80         98         90         194   

Interest rate contracts

     44         29         59         39   
  

 

 

    

 

 

    

 

 

    

 

 

 
   $ 185       $ 150       $ 884       $ 257   
  

 

 

    

 

 

    

 

 

    

 

 

 

Total fair value

   $ 242       $ 248       $ 978       $ 349   
  

 

 

    

 

 

    

 

 

    

 

 

 

We record derivative assets and liabilities on a gross basis in our condensed consolidated balance sheet. The fair value of our asset derivatives is recorded within other current assets and the fair value of our liability derivatives is recorded within other current liabilities. See our consolidated financial statements and related notes in our Annual Report on Form 10-K for the year ended December 31, 2014 for additional information on our risk management strategies and use of derivatives and related accounting.

The fair values (asset / (liability)) of our derivative instruments were determined using:

 

                                                                           
     As of September 30, 2015  
     Total
Fair Value of Net
Asset / (Liability)
     Quoted Prices in
Active Markets
for Identical
Assets

(Level 1)
     Significant
Other Observable

Inputs (Level 2)
     Significant
Unobservable

Inputs
(Level 3)
 
     (in millions)  

Currency exchange contracts

   $ 57       $       $ 57       $   

Commodity contracts

     (31      (7      (24        

Interest rate contracts

     (32              (32        
  

 

 

    

 

 

    

 

 

    

 

 

 

Total derivatives

   $ (6    $ (7    $ 1       $   
  

 

 

    

 

 

    

 

 

    

 

 

 

 

                                                                           
     As of December 31, 2014  
     Total
Fair Value of Net
Asset / (Liability)
     Quoted Prices in
Active Markets
for Identical
Assets

(Level 1)
     Significant
Other Observable
Inputs (Level 2)
     Significant
Unobservable
Inputs

(Level 3)
 
     (in millions)  

Currency exchange contracts

   $ 763       $       $ 763       $   

Commodity contracts

     (125      (49      (76        

Interest rate contracts

     (9              (9        
  

 

 

    

 

 

    

 

 

    

 

 

 

Total derivatives

   $ 629       $ (49    $ 678       $   
  

 

 

    

 

 

    

 

 

    

 

 

 

 

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Table of Contents

Level 1 financial assets and liabilities consist of exchange-traded commodity futures and listed options. The fair value of these instruments is determined based on quoted market prices on commodity exchanges. Our exchange-traded derivatives are generally subject to master netting arrangements that permit net settlement of transactions with the same counterparty when certain criteria are met, such as in the event of default. We also are required to maintain cash margin accounts in connection with funding the settlement of our open positions, and the margin requirements generally fluctuate daily based on market conditions. We have recorded margin deposits related to our exchange-traded derivatives of $40 million as of September 30, 2015 and $84 million as of December 31, 2014 within other current assets. Based on our net asset or liability positions with individual counterparties, in the event of default and immediate net settlement of all of our open positions, for derivatives we have in a net liability position, we would owe $3 million as of December 31, 2014, and for derivatives we have in a net asset position, our counterparties would owe us a total of $32 million as of September 30, 2015 and $38 million as of December 31, 2014.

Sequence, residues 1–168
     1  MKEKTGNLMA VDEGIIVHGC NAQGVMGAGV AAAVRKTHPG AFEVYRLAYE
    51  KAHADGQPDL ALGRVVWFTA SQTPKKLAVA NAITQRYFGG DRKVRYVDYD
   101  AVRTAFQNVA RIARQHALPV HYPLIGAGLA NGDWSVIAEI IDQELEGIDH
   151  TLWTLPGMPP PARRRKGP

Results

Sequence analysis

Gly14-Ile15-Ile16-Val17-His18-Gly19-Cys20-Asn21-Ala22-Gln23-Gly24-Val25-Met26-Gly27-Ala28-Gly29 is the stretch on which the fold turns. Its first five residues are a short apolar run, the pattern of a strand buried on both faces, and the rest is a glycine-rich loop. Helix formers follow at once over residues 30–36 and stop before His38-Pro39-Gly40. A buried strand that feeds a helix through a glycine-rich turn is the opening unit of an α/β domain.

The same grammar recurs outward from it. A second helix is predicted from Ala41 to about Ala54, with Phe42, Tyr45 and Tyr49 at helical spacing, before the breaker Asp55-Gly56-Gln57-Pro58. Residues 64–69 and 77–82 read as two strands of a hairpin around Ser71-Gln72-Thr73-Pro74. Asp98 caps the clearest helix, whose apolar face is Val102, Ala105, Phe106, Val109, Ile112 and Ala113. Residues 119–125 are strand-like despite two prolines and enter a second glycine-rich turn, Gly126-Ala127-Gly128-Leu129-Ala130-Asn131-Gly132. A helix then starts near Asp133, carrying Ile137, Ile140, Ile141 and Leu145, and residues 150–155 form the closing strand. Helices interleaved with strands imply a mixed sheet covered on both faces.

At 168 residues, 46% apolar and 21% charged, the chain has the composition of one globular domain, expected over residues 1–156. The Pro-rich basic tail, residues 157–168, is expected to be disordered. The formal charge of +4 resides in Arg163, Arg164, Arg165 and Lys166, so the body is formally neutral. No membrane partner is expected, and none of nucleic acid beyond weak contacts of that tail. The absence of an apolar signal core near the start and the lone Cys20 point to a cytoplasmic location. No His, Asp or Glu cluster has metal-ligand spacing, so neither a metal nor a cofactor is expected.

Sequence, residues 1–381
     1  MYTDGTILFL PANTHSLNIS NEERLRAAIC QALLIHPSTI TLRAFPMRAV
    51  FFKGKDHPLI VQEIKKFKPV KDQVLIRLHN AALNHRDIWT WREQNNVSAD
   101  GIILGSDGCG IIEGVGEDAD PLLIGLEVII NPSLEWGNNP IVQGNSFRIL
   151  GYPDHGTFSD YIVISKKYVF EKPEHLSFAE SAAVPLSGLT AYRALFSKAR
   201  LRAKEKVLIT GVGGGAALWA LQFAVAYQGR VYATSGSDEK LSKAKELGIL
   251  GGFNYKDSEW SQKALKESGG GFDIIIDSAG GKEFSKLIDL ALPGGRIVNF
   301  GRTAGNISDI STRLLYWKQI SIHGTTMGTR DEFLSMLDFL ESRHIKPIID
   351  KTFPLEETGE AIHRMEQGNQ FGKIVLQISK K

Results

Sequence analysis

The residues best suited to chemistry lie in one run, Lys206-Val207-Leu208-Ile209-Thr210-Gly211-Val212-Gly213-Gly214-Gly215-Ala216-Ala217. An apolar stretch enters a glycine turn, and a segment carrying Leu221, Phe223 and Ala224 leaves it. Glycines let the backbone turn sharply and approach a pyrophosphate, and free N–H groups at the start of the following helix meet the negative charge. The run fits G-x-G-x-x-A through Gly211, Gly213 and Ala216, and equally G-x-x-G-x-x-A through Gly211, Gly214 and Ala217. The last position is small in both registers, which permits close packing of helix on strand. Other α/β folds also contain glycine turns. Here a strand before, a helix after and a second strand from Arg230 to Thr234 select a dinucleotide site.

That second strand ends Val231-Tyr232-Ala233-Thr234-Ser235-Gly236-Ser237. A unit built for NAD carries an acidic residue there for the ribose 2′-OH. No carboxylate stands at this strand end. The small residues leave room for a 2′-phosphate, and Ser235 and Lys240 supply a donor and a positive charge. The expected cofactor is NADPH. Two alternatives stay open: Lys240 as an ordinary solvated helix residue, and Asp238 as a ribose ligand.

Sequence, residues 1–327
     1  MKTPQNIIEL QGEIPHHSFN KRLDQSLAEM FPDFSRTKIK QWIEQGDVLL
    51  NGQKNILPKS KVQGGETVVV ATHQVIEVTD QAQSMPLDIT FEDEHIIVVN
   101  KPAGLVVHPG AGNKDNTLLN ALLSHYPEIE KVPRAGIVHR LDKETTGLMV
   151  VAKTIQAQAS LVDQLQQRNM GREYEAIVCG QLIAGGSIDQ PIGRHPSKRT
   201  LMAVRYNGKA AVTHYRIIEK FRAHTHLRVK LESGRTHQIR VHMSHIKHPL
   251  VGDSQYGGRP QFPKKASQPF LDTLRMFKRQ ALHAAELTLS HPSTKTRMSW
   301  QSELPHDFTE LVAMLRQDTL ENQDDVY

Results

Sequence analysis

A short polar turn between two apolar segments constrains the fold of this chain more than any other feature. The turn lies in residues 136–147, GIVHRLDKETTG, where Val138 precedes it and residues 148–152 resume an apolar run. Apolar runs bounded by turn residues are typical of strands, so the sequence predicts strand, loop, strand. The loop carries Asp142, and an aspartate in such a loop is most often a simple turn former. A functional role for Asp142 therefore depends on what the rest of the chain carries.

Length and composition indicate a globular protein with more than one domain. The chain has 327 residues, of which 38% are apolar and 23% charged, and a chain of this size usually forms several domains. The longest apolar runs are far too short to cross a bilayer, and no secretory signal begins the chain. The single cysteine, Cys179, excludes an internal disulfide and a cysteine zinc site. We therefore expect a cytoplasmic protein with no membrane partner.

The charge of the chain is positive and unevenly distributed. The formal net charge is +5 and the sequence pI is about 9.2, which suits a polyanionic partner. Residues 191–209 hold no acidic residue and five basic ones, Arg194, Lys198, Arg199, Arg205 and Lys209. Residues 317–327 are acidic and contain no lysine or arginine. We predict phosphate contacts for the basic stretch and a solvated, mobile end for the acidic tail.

Level 2 financial assets and liabilities consist primarily of over-the-counter (“OTC”) currency exchange forwards, options and swaps; commodity forwards and options; and interest rate swaps. Our currency exchange contracts are valued using an income approach based on observable market forward rates less the contract rate multiplied by the notional amount. Commodity derivatives are valued using an income approach based on the observable market commodity index prices less the contract rate multiplied by the notional amount or based on pricing models that rely on market observable inputs such as commodity prices. Our calculation of the fair value of interest rate swaps is derived from a discounted cash flow analysis based on the terms of the contract and the observable market interest rate curve. Our calculation of the fair value of financial instruments takes into consideration the risk of nonperformance, including counterparty credit risk. Our OTC derivative transactions are governed by International Swap Dealers Association agreements and other standard industry contracts. Under these agreements, we do not post nor require collateral from our counterparties. The majority of our commodity and currency exchange OTC derivatives do not have a legal right of set-off. In connection with our OTC derivatives that could be net-settled in the event of default, assuming all parties were to fail to comply with the terms of the agreements, for derivatives we have in a net liability position, we would owe $117 million as of September 30, 2015 and $156 million as of December 31, 2014, and for derivatives we have in a net asset position, our counterparties would owe us a total of $66 million as of September 30, 2015 and $72 million as of December 31, 2014. We manage the credit risk in connection with these and all our derivatives by entering into transactions with counterparties with investment grade credit ratings, limiting the amount of exposure with each counterparty and monitoring the financial condition of our counterparties.

Derivative Volume: